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|Title:||Barriers to managing medications appropriately when patients have restrictions on oral intake.|
|Authors:||To, The-Phung;Brien, Jo-Anne;Story, David A|
|Affiliation:||Melbourne Medical School, The University of Melbourne, Melbourne, Victoria, Australia|
St Vincent's Hospital, University of Sydney, Sydney, New South Wales, Australia
Faculty of Medicine, University of New South Wales, Sydney, New South Wales, Australia
Pharmacy Department, Austin Health, Heidelberg, Victoria, Australia
|Citation:||Journal of evaluation in clinical practice 2019; online first: 10 April|
|Abstract:||Investigation of several serious adverse events in our organization highlighted that medications were managed inappropriately when patients have oral intake restrictions. The aim of this work was to identify the barriers to optimal medication management when patients have restrictions on their oral intake. Data were feedback and comments obtained between 2011 and 2014 from a hospital-wide quality assurance project. Data had not been purposefully collected and were in response to a general request for feedback regarding managing oral medications when patients have oral intake restrictions. Data came from a range of clinical staff and from various forums associated with the quality assurance project, including 37 presentations, 34 group meetings, and over 50 one-on-one meetings, as well as emails and other sources. Data were analysed using the thematic analysis approach. Data were coded inductively, and the domains of the Theoretical Domains Framework were used to categorize the data. Subthemes and themes were then developed. Barriers could be broadly grouped into systems-level issues (organizational guidance and work environment) and the individual person-level issues (staff knowledge and beliefs). These barriers highlight the complexity of the medication management task. The lack of standardized guidance and consistent terminology regarding medication administration when patients have restrictions on oral intake, particularly when fasting or nil by mouth, were important systems factors, as were workflow issues and the "culture" of the environment in which staff practiced. Lack of knowledge about medication administration, social influences, and role interpretation were important individual person factors. Systems- and individual person-level issues were significant contributors to inappropriate medication management when patients have oral intake restrictions. Many of the barriers may be addressed with systems approaches such as hospital-wide guidance that simplifies and standardize oral medication administration instructions, particularly regarding fasting and nil by mouth terminology.|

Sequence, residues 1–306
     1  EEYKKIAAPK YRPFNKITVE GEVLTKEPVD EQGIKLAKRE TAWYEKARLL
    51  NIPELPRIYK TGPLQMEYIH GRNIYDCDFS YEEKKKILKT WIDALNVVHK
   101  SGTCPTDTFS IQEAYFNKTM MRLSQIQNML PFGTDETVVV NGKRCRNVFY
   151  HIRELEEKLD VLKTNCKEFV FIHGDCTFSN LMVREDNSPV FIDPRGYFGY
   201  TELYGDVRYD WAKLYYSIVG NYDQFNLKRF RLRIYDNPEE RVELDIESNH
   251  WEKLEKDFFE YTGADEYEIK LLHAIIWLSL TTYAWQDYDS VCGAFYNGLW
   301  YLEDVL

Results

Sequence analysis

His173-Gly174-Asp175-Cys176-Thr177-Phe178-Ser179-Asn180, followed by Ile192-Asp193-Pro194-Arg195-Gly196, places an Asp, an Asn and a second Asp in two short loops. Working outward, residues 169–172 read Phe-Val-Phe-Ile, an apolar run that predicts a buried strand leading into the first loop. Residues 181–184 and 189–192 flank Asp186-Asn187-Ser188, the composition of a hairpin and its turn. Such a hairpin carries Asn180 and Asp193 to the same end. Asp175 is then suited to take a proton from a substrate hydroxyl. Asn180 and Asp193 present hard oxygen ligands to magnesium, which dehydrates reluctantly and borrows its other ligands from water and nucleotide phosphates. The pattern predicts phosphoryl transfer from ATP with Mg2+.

nil by mouth
|Appears in Collections:||Journal articles|
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